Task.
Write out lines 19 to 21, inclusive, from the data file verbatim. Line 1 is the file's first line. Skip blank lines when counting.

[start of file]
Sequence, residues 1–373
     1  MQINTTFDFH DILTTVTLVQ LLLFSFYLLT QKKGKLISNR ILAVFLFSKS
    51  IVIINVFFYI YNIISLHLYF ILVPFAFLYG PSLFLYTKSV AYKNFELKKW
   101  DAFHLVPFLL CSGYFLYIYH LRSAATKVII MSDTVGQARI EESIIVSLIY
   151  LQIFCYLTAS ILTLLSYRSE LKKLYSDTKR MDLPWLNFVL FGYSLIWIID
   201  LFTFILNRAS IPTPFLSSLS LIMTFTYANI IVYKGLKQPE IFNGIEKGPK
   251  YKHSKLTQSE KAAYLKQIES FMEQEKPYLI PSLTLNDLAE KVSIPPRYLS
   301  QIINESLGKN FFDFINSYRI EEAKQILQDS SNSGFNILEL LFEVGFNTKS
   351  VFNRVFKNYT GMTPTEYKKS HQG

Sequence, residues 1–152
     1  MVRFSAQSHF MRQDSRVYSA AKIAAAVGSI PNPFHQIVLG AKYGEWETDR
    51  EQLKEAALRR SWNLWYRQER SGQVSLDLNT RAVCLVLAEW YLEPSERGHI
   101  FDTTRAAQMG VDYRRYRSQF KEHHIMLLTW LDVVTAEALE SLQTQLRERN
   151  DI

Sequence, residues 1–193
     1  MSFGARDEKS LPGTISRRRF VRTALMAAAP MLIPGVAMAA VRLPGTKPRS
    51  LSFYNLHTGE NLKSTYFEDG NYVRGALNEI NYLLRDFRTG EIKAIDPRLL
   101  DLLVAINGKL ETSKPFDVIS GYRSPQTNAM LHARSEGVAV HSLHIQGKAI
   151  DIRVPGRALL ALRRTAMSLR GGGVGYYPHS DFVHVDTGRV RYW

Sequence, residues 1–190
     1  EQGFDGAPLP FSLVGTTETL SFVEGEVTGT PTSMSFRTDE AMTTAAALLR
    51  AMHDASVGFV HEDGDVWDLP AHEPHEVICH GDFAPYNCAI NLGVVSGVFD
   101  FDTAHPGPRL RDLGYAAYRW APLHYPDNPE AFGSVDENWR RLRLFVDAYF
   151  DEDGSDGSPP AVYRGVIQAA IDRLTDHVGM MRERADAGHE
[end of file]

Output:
   151  DIRVPGRALL ALRRTAMSLR GGGVGYYPHS DFVHVDTGRV RYW

Sequence, residues 1–190
     1  EQGFDGAPLP FSLVGTTETL SFVEGEVTGT PTSMSFRTDE AMTTAAALLR